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Citizenship by Descent

Discussion in 'Citizenship' started by hilly, Apr 21, 2013.

  1. Hello everyone. I have been trying to do a lot of research about this to find out if I qualify for citizenship. I am about 80% sure I do.

    Here is my background story:
    I can trace my family in Canada back to the 1700's from my fathers side of the family. We were some of the earliest settlers in Ontario and have had many family members in parliament etc.

    Out of all of my Canadian family, my grandparents were the first to move to USA before my father and uncle were born. My father was born in 1958 and according to the laws he is a Canadian citizen by descent. He was the first born American. I was born in 1988, I am 25 years old, and as far as I can tell I am considered a Canadian citizen by descent because I was born before the April 2009 law change. I've checked all the scenarios and found that people born even as the 4th generation abroad before 2009 are also considered Canadian by descent. I have also taken the test on the CIC website and I have a problem.

    It does not say that I am a citizen and it does not say that I am not. This is because my father and I both do not know if my fathers birth was registered with the Canadian government when he was born. According to the new law that shouldn't matter either way, but I am not sure if that affects me?

    I want to apply for the citizenship certificate. Does my father need to apply for his first just to make sure? Or because I was born before the April 2009 date, do I automatically qualify? How can I provide enough proof of my family lineage also?

    As far as I've found most people do not know how to correctly interpret the law and have been saying regardless of when you were born after the 2009 law you cannot be a citizen if you are not the first generation born abroad.

    I have found a website with what seems to be a credible source who's story sounds very similar to mine only my grandfather did not give his citizenship up only my grandmother did. I will post the information here since I can't post links:

    QUESTION: My grandparents were both born in Canada, and subsequently gained Canadian citizenship when the first citizenship law was passed in 1947.

    In 1951, they were wedded in Canada, and in 1953 they moved to the United States. In 1955 they gave birth to my father on U.S. soil, but neglected to obtain a Resident Born Abroad certificate from the Canadian government for him. He was a U.S. citizen from birth based on U.S. law.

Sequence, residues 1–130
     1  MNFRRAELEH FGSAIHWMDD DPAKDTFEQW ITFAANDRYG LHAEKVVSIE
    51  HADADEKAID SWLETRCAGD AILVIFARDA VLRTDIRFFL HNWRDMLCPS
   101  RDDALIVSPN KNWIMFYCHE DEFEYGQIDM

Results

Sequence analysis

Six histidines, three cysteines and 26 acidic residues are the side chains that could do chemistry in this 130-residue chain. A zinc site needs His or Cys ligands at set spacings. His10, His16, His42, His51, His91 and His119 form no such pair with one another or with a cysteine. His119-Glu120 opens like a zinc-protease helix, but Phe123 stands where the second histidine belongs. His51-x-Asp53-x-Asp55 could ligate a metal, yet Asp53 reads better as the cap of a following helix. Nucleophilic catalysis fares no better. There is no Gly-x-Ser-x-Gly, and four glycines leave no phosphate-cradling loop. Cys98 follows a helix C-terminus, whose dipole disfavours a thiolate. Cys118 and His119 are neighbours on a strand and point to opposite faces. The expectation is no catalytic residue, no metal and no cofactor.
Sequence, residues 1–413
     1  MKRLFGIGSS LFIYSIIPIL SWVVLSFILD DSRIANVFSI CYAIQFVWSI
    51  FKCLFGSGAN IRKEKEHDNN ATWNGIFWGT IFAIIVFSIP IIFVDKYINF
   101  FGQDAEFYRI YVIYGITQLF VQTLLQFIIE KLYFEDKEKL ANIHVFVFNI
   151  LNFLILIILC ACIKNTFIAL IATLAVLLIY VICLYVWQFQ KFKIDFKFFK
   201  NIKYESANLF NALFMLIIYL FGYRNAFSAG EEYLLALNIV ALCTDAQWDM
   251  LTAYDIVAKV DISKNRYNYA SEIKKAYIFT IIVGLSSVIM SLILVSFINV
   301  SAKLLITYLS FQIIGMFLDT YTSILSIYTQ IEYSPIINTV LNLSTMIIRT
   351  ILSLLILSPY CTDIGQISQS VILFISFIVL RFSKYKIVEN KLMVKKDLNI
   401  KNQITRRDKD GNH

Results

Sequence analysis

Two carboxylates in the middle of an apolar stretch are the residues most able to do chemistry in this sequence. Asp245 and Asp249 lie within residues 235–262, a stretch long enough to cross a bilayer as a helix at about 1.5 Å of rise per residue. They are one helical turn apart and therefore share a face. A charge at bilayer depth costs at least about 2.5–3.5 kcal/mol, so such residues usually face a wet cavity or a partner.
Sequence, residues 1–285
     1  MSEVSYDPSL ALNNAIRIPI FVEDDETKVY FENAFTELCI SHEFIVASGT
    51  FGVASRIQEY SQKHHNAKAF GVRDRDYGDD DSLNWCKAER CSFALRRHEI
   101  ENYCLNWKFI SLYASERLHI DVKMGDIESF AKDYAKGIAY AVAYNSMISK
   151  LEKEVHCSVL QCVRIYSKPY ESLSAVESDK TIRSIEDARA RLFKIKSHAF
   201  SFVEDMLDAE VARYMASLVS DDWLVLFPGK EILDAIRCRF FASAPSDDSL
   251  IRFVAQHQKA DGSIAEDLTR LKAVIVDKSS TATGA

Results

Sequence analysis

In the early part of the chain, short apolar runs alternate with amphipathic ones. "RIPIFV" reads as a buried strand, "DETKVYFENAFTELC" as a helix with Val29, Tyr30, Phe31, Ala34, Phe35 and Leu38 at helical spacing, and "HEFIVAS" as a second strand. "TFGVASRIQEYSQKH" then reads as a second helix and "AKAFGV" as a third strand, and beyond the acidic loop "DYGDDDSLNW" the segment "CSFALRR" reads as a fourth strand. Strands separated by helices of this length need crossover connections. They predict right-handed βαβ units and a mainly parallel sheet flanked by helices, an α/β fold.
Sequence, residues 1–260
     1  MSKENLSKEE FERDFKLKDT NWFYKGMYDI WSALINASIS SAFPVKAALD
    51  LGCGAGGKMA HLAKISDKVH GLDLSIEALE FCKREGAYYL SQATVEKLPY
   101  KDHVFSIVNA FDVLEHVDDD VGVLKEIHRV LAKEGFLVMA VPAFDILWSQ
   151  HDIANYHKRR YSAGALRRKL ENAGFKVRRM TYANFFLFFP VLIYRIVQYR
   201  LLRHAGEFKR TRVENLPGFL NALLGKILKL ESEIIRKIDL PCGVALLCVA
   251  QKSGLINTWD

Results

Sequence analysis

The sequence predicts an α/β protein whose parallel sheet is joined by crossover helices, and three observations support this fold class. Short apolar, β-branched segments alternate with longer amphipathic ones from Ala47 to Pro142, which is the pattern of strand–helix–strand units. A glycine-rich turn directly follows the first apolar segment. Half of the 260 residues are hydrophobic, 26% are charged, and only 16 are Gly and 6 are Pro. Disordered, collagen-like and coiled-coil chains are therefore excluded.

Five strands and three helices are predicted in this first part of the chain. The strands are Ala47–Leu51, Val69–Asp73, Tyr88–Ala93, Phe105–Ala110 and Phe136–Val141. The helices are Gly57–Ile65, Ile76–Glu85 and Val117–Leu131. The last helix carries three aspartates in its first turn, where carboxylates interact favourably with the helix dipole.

In the late 50s or early 60s, my grandparents themselves gained U.S. citizenship. Based on the Canadian laws of the time, that meant that both they and my father forfeited any claim they had to Canadian citizenship.

    In 1977, a new Canadian citizenship law was passed allowing for dual citizenship, and allowing any number of successive generations of Canadians born outside of Canada to automatically gain Canadian citizenship. However, it was not retroactive, so my father and grandparents were stuck as U.S. citizens only.

    However, in 1984 I was born on U.S. soil while the 1977 Canadian law was in effect. Though at the time that didn't seem relevant as my father had no claim to Canadian citizenship.

    Fast Forward to April 2009, and a new Canadian law restores citizenship to my Grandparents, and to their son (my father). This restoration of citizenship is retroactive to the time they either lost their Canadian citizenship or were born, respectively. This new law also limits the number of generations born off of Canadian soil that still retain Canadian citizenship to one.

    However, as far as I can tell, this one generation limit only applies to people born after the April 2009 enactment. Since I was born in 1984, it seems the 1977 standard would apply. Coupled with the "retroactive until birth" citizenship bestowed upon my father, would that mean then that I am eligible for Canadian citizenship by right of descent?

    There is another restriction that doesn't apply to me- people born to Canadian citizens after 1977 must show a connection to Canada before their 28th birthday. I was only 25 when the 2009 law passed, so this would not have disqualified me.

    Thank you for your time and consideration on this matter.

    ANSWER: Dear Nick,

    First, you've done your homework and you have basically answered your own question.

    I would agree that you appear to have a claim to Canadian citizenship.

    To be sure, you need to apply for a Canadian citizenship certificate. To make an application, follow the instructions on this link: